Does Mirbud (WSE:MRB) have a healthy balance sheet?

Some say volatility, rather than debt, is the best way to think about risk as an investor, but Warren Buffett said “volatility is far from synonymous with risk.” So it may be obvious that you need to take debt into account when thinking about the risk of a given stock, because too much debt can sink a business. We notice that Mirbud S.A. (WSE:MRB) has debt on its balance sheet. But does this debt worry shareholders?

Why is debt risky?

Debt helps a business until the business struggles to pay it back, either with new capital or with free cash flow. In the worst case, a company can go bankrupt if it cannot pay its creditors. However, a more frequent (but still costly) event is when a company has to issue shares at bargain prices, permanently diluting shareholders, just to shore up its balance sheet. Of course, debt can be an important tool in businesses, especially capital-intensive businesses. When we look at debt levels, we first consider cash and debt levels, together.

See our latest analysis for Mirbud

What is Mirbud’s net debt?

You can click on the graph below for historical figures, but it shows that in September 2021, Mirbud had 350.9 million zł in debt, an increase of 232.7 million zł, year on year. On the other hand, it has 285.5 million zł of liquid assets, which leads to a net debt of approximately 65.4 million zł.

WSE: MRB Debt to Equity History January 13, 2022

A Look at Mirbud’s Responsibilities

We can see from the most recent balance sheet that Mirbud had liabilities of 703.2 million zł due in one year, and liabilities of 671.0 million zł due beyond. As compensation for these obligations, it had cash of 285.5 million zł as well as receivables valued at 558.2 million zł payable within 12 months. Thus, its liabilities outweigh the sum of its cash and (short-term) receivables of 530.5 million zł.

Since this deficit is actually larger than the company’s market capitalization of zł420.2 million, we think shareholders really should be watching Mirbud’s debt levels, like a parent watching their child ride a bike. for the first time. In theory, extremely large dilution would be required if the company were forced to repay its debts by raising capital at the current share price.

In order to assess a company’s debt relative to its earnings, we calculate its net debt divided by its earnings before interest, taxes, depreciation and amortization (EBITDA) and its earnings before interest and taxes (EBIT) divided by its expenses. interest (its interest coverage). Thus, we consider debt to earnings with and without depreciation and amortization charges.

Mirbud has a low debt to EBITDA ratio of just 0.39. But what’s really cool is that he actually managed to receive more interest than he paid in the last year. So there’s no doubt that this company can go into debt and still be cool as a cucumber. Even better, Mirbud increased its EBIT by 243% last year, which is an impressive improvement. If sustained, this growth will make debt even more manageable in years to come. When analyzing debt levels, the balance sheet is the obvious starting point. But it is Mirbud’s earnings that will influence the balance sheet in the future. So, if you want to know more about its earnings, it might be worth checking out this graph of its long-term trend.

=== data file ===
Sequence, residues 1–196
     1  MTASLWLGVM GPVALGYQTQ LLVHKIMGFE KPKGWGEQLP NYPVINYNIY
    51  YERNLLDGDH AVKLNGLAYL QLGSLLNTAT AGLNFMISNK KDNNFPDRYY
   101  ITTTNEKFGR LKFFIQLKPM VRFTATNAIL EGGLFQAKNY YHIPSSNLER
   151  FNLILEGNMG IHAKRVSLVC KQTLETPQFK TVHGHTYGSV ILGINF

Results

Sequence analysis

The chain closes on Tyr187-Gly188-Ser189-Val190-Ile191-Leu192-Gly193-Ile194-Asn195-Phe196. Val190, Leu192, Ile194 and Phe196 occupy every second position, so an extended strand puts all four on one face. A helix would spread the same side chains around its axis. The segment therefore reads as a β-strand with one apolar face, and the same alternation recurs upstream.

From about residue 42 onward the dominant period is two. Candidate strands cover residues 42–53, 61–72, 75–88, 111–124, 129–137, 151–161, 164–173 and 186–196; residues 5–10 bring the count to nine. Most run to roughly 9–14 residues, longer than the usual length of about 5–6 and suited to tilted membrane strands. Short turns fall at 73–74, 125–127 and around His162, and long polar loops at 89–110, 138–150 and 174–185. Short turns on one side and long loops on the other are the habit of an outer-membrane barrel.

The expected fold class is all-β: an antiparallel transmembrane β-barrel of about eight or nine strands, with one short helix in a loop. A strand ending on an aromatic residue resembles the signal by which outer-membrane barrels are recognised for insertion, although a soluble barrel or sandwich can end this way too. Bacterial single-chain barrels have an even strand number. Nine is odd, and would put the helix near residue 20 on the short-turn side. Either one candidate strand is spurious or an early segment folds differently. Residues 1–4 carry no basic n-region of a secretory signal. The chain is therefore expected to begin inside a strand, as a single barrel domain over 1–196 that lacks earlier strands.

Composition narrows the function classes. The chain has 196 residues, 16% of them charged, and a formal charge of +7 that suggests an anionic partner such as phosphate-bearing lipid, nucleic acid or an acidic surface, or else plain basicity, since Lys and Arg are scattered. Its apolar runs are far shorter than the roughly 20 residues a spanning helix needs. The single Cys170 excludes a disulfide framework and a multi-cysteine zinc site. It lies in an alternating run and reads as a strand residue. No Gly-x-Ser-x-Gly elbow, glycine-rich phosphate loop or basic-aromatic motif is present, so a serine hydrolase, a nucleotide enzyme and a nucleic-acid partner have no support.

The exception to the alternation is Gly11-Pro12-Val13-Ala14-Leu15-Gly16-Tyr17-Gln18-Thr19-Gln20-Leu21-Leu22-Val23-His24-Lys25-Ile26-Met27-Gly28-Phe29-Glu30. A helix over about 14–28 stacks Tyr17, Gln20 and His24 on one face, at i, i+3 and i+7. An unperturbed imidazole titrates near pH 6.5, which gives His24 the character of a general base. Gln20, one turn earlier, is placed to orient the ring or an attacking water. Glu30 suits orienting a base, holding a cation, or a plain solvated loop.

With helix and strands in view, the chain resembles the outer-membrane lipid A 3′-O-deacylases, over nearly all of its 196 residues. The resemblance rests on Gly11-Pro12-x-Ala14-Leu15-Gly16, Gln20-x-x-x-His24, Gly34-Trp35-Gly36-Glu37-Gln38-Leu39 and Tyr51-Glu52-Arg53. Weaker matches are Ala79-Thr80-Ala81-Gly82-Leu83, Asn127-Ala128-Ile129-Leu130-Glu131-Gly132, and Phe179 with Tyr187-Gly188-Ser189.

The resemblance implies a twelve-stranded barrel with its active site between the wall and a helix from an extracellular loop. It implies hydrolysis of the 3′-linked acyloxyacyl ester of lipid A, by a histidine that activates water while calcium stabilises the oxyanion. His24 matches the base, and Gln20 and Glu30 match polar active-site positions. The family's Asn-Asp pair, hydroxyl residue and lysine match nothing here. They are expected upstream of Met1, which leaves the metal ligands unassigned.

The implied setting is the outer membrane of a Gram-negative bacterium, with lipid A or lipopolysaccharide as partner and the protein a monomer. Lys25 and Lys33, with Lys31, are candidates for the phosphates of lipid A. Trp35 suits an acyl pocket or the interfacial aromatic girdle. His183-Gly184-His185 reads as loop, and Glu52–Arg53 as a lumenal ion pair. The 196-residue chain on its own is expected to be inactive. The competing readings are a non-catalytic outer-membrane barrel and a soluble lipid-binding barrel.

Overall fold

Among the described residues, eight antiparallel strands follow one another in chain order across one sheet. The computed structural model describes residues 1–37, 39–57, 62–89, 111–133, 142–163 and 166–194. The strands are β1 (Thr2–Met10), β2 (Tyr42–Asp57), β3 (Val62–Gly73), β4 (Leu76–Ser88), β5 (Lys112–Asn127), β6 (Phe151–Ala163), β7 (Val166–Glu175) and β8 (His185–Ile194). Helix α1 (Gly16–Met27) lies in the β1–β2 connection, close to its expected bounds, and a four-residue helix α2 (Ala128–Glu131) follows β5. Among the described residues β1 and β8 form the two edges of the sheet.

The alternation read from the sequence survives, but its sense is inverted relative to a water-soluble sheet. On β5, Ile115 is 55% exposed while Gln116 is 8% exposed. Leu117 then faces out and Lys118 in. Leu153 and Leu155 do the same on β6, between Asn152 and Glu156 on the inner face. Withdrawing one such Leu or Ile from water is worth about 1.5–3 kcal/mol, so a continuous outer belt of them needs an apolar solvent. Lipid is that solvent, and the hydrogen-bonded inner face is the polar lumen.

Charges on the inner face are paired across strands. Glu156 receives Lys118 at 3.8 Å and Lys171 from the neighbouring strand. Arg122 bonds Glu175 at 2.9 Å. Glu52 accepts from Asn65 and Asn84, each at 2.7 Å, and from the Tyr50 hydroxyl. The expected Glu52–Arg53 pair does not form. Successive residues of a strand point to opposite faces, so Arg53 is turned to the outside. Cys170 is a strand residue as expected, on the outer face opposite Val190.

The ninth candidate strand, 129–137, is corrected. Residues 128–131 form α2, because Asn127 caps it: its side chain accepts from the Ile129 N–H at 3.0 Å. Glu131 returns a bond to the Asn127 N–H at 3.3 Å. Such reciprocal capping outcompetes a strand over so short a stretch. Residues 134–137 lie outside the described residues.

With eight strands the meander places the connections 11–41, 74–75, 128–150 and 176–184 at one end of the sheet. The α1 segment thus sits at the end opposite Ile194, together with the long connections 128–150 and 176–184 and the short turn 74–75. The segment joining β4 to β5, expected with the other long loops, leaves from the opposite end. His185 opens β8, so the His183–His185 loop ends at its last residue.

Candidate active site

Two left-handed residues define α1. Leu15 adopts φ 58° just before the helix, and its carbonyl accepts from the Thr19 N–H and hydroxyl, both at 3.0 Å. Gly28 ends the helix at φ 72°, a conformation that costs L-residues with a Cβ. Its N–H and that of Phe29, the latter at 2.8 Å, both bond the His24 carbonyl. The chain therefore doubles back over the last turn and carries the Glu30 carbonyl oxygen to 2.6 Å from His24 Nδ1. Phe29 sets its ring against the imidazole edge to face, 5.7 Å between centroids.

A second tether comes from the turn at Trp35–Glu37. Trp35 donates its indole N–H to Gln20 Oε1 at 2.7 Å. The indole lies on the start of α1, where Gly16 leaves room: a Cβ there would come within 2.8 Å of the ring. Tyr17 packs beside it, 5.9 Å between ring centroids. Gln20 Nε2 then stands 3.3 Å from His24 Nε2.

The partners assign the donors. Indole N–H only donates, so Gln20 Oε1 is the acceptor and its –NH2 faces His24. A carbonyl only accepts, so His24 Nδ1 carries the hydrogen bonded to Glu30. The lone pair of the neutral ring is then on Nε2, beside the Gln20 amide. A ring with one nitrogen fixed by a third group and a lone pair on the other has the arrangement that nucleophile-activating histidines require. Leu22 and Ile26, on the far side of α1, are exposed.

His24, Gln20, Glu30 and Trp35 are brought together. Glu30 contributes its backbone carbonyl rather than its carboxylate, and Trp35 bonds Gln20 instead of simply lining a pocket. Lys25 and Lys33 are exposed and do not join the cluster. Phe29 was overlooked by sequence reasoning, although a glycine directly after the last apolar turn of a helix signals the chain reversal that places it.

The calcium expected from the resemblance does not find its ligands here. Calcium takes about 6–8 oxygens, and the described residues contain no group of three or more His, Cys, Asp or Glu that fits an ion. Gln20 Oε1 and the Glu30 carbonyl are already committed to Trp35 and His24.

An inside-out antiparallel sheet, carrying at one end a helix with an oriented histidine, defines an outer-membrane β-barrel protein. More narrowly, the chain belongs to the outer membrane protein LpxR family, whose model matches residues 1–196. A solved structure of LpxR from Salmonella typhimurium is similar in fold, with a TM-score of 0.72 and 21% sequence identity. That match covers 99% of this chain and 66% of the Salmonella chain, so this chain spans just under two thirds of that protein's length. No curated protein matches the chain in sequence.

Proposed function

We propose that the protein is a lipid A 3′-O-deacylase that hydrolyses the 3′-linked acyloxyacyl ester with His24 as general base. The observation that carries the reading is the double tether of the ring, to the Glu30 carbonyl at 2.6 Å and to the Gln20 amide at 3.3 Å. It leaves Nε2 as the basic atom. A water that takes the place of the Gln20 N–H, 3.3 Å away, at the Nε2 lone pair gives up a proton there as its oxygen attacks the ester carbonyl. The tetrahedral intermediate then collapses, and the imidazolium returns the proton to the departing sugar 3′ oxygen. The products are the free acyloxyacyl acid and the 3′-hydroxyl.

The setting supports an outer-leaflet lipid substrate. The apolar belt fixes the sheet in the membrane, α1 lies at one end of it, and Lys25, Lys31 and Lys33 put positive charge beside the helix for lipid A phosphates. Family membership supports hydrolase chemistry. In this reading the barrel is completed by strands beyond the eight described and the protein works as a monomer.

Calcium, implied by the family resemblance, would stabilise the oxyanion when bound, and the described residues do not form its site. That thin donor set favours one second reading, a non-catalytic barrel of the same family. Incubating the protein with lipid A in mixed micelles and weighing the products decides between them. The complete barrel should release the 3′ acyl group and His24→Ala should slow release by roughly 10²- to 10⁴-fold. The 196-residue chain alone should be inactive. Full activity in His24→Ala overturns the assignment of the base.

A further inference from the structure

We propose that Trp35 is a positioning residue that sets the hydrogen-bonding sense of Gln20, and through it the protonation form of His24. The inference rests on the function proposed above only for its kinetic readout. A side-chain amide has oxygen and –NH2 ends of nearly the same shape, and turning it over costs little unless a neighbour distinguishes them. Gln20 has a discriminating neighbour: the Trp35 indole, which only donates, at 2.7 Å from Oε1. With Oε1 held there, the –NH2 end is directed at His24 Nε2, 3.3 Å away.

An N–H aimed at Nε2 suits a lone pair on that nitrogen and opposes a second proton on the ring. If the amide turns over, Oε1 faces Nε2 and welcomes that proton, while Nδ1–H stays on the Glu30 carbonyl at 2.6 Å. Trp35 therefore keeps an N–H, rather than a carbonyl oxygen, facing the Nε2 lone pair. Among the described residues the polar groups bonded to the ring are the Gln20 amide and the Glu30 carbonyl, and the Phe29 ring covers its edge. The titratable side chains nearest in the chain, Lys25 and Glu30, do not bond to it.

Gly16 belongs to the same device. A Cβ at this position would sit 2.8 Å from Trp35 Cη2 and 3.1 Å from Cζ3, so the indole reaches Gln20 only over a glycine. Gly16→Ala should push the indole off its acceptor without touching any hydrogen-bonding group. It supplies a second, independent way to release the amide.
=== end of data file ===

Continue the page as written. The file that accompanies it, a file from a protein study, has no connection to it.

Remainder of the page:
Finally, a business needs free cash flow to pay off its debts; book profits are not enough. So the logical step is to look at what proportion of that EBIT is actual free cash flow. Fortunately for all shareholders, Mirbud has actually produced more free cash flow than EBIT over the past three years. This kind of strong cash generation warms our hearts like a puppy in a bumblebee suit.

Our point of view

The good news is that Mirbud’s demonstrated ability to cover its interest costs with its EBIT delights us like a fluffy puppy does a toddler. But we have to admit that we find that his level of total liabilities has the opposite effect. Looking at all of the aforementioned factors together, it seems to us that Mirbud can manage its debt quite comfortably. Of course, while this leverage can improve return on equity, it comes with more risk, so it’s worth keeping an eye out for. Above most other metrics, we think it’s important to track how quickly earnings per share are growing, if at all. If you’ve also achieved this achievement, you’re in luck, because today you can view this interactive chart of Mirbud’s earnings per share history for free.

Of course, if you’re the type of investor who prefers to buy stocks without the burden of debt, then feel free to check out our exclusive list of cash-efficient growth stocks today.

This Simply Wall St article is general in nature. We provide commentary based on historical data and analyst forecasts only using unbiased methodology and our articles are not intended to be financial advice. It is not a recommendation to buy or sell stocks and does not take into account your objectives or financial situation. Our goal is to bring you targeted long-term analysis based on fundamental data. Note that our analysis may not take into account the latest announcements from price-sensitive companies or qualitative materials. Simply Wall St has no position in the stocks mentioned.

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